The seriousness of climate change makes it now morally compulsory for legal practitioners to question their habits and bring changes to their practice. For further information about each initiative, see the Campaign for Greener Arbitrations, Greener Litigation, and the World Mediators Alliance on Climate Change. Another useful resource is the Chancery Lane Project (TCLP) – a collaborative effort of multiple volunteers leading to the development and publication of contractual clauses which aim at tackling climate change.
I. Stephanie Boyce provided an informative keynote address on the work accomplished by the Law Society of England and Wales. Introduced by Barry Fletcher of the LIDW Strategy Group, her speech addressed topics fundamental to the Law Society and the legal community including the access to justice, the Rule of Law, the leading role of London and England and Wales as a global centre for international dispute, diversity and inclusion within the legal profession, and climate change. As per LIDW22’s events, it is reassuring to see these topics at the heart of the Law Society’s concerns.
Boyce pointed out that climate change was the greatest challenge since the coronavirus (COVID-19) pandemic. She rightly added that no one will be able to avoid climate change and it will have a direct impact on the legal profession. We already notice a growing trend in climate change litigation involving corporate greenwashing allegations, failure to respect public net zero commitments, expropriation claims against states from foreign investors, etc. Further examples have been included in a Horizon Scanning report entitled “Climate change risks – the Future of Law as we know it?” published by the Law Society.
Boyce highlighted other initiatives recently undertaken by the Law Society. Ahead of the UN Climate Change Conference in Glasgow (COP26), the Law Society published a climate change resolution aiming at encouraging solicitors, in-house counsels, and law firms “to develop a climate-conscious approach to legal practice”. Several other resources including “Net zero: what solicitors can do” have been published and can be found below the topic of climate change.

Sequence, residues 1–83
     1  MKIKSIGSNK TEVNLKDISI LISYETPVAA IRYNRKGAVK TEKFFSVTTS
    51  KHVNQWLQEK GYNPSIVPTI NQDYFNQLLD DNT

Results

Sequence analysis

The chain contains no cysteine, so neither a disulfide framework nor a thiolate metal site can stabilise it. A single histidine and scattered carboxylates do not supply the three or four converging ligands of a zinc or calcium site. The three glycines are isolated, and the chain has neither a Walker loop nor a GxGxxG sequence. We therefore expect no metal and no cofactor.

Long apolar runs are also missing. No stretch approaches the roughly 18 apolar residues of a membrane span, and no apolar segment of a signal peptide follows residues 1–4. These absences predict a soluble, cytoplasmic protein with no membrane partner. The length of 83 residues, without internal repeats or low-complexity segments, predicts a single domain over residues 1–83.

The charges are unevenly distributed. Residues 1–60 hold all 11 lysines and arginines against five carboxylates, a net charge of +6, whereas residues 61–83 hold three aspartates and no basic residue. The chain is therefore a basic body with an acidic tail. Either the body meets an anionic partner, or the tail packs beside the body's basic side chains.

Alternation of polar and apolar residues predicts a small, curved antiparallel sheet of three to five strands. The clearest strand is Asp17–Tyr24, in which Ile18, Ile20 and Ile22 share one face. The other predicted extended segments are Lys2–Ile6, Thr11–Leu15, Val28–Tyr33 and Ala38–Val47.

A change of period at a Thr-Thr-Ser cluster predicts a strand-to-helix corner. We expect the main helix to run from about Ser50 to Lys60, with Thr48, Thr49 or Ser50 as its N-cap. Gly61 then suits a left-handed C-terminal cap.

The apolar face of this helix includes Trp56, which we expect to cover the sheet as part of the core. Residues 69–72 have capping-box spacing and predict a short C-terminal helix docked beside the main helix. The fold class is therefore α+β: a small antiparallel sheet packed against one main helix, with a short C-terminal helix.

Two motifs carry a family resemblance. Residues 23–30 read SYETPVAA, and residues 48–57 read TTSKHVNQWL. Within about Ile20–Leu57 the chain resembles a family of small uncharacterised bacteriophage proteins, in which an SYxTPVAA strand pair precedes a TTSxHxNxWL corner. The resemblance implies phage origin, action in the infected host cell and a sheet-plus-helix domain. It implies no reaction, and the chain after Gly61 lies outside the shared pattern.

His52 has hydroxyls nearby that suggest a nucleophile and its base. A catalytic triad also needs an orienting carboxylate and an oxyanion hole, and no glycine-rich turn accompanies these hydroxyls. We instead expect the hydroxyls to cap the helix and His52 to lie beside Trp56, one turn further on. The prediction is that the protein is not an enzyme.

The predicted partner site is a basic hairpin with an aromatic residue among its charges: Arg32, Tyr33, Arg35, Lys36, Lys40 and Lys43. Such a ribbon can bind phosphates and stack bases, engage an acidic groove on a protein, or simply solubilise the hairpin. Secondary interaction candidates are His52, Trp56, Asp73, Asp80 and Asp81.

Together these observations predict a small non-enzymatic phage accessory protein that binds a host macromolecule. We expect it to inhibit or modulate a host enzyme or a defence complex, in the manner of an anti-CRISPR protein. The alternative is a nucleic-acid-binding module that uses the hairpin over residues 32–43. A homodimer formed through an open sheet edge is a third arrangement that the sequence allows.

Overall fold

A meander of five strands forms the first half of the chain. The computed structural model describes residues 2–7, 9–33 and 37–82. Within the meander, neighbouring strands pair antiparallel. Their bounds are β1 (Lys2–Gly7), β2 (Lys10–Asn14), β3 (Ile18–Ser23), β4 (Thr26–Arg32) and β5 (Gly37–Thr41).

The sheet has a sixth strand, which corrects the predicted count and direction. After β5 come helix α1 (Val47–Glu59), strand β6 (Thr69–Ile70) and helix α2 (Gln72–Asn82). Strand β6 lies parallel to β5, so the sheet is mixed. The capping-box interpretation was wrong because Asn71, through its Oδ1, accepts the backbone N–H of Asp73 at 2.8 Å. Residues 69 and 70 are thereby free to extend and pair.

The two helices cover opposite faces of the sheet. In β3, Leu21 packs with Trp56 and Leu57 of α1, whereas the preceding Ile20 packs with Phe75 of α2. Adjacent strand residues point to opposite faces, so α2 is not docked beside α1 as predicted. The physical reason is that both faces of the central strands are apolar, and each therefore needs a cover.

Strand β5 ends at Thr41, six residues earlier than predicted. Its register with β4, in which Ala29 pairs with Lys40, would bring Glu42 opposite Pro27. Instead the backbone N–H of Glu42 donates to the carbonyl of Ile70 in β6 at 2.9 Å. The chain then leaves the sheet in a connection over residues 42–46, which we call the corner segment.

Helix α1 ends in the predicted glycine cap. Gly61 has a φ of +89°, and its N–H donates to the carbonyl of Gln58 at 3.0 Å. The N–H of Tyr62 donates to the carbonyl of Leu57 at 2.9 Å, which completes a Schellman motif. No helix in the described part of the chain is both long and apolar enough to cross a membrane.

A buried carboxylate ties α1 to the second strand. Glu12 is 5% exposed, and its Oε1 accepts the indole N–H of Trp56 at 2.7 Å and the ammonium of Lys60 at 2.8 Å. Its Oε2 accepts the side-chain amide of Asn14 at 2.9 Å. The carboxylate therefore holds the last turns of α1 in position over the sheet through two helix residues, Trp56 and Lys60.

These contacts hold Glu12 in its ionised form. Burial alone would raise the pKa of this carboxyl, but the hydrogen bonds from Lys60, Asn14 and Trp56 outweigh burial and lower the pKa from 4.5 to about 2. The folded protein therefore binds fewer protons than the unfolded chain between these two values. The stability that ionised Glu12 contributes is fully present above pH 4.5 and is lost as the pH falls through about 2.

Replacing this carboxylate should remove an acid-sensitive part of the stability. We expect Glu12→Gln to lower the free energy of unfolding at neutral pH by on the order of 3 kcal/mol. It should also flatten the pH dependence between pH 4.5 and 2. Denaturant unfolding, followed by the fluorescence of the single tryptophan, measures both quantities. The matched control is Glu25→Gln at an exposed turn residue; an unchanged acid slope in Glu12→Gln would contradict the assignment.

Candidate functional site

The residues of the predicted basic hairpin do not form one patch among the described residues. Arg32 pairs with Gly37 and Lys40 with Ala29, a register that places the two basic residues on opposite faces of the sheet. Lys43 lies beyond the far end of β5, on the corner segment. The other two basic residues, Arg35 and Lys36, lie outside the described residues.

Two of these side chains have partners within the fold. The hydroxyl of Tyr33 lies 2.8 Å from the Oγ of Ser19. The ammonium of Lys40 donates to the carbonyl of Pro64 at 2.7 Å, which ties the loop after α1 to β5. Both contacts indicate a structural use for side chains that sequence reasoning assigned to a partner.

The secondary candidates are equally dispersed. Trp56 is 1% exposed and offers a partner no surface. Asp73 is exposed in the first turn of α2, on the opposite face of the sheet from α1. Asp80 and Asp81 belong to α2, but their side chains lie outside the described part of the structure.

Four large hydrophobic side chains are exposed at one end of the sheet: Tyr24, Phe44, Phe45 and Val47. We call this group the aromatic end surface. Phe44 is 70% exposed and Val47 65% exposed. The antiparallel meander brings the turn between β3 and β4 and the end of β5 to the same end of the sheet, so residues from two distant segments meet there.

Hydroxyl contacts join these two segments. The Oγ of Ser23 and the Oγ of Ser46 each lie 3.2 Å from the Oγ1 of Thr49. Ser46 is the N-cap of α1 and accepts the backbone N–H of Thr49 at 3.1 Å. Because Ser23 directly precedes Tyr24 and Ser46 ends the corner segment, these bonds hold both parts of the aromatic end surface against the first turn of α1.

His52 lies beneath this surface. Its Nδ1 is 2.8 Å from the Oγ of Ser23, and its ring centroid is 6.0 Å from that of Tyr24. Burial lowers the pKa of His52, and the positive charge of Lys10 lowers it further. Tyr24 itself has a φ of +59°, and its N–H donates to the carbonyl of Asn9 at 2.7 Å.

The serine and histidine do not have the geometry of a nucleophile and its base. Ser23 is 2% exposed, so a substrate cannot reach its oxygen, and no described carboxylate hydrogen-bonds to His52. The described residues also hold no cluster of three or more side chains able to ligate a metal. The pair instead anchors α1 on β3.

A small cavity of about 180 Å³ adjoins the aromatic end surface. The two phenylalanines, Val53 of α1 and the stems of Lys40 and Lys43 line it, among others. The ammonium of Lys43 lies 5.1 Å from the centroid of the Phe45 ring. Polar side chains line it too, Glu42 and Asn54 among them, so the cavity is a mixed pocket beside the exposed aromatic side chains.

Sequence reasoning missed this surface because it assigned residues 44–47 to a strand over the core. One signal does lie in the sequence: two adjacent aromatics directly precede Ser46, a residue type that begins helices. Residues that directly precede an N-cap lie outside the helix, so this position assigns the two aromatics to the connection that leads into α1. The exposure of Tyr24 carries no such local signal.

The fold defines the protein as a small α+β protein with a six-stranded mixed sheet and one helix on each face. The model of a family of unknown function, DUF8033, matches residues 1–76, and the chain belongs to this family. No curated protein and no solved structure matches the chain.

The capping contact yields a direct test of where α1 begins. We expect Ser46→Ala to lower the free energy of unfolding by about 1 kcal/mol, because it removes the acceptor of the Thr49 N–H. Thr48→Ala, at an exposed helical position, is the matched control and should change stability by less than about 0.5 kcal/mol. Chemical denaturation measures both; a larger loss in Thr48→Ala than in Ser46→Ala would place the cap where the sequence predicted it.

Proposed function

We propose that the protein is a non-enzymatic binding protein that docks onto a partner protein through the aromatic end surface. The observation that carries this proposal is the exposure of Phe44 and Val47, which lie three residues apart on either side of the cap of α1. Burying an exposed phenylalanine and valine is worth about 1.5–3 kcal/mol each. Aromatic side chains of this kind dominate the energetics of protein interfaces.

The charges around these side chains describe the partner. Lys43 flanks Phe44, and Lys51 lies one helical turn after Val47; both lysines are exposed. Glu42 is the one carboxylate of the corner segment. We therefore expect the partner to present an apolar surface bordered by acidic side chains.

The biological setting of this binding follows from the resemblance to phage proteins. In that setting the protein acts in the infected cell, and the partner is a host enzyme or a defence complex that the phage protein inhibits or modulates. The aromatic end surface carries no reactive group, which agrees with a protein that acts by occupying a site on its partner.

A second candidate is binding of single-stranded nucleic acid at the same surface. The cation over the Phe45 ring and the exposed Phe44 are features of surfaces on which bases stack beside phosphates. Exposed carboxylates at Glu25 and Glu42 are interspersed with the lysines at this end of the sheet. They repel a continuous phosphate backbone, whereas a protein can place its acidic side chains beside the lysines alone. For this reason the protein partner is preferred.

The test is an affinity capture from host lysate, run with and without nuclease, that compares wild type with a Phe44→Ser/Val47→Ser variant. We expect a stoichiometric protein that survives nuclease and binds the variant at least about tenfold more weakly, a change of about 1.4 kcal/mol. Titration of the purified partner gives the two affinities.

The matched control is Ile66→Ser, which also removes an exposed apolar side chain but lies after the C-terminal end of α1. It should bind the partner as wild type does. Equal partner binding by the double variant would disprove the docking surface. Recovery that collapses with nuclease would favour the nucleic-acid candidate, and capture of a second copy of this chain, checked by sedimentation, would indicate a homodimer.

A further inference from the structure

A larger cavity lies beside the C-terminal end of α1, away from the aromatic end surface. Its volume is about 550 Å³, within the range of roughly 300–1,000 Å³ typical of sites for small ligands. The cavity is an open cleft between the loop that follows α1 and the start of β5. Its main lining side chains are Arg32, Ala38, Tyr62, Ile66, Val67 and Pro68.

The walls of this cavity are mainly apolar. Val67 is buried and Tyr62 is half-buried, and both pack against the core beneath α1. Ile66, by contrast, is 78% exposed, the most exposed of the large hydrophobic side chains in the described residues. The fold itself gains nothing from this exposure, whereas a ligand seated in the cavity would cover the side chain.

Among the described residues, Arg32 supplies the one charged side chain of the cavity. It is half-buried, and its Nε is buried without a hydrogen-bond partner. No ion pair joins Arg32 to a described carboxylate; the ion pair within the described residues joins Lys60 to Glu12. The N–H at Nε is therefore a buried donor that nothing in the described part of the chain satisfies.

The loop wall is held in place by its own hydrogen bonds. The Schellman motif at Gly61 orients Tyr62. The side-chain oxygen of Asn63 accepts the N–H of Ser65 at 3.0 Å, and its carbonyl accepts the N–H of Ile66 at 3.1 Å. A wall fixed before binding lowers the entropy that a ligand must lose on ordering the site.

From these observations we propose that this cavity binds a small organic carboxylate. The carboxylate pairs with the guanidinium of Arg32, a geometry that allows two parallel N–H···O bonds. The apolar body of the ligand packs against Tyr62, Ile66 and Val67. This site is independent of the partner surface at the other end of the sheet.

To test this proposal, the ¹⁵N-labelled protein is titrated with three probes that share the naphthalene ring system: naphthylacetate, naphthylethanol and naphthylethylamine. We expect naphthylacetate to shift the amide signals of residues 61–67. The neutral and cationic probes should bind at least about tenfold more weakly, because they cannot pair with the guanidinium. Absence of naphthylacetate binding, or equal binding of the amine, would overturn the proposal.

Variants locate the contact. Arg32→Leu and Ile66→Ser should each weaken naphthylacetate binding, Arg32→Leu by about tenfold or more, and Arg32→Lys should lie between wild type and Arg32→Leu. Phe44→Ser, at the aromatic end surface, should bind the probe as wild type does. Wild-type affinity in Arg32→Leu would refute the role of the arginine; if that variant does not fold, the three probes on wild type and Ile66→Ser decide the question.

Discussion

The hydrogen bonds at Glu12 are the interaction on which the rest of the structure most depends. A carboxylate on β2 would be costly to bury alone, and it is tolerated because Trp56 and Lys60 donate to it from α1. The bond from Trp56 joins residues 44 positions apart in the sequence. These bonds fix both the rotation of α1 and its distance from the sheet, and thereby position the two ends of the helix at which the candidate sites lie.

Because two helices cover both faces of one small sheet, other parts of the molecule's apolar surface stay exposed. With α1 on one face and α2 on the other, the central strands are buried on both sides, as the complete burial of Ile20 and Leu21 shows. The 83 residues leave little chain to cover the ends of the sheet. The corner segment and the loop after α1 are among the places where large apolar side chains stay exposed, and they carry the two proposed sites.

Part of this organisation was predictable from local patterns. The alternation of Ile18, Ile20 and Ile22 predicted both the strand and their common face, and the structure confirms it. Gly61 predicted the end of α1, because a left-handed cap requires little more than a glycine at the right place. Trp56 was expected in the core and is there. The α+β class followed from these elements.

Boyce’s intervention at LIDW22 confirmed that climate change is no longer a matter pertinent to environmental lawyers only. All actors within the legal community must feel concerned as they will be affected in their practice by this global issue one day or the other.
As mentioned above, new types of disputes have begun to arise from climate change and energy transition. One growing trend involves investor-state disputes on climate issues, including from “green” measures affecting investments in fossil fuels. Luiz Aboim, the moderator of the event entitled “Climate change: a new disputes landscape” began by asking Annette Magnusson whether states could be liable for doing too much.
Magnusson highlighted that it was not an easy position for states as they need to navigate between climate change claims brought against them by citizens for failing to meet their commitments to net zero, and claims (or the risk of claims) arising from investment treaties brought by investors on the grounds of expropriation, non-discrimination, or fair and equitable treatment. She continued by adding that when the main objective of states was to tackle climate change by reducing emissions, two options were being offered to them: (1) encouraging low emission investments; (2) introducing legislation that phase out industries with high emissions. As we know that the latter can be expensive, she suggested that the first option would be better for states.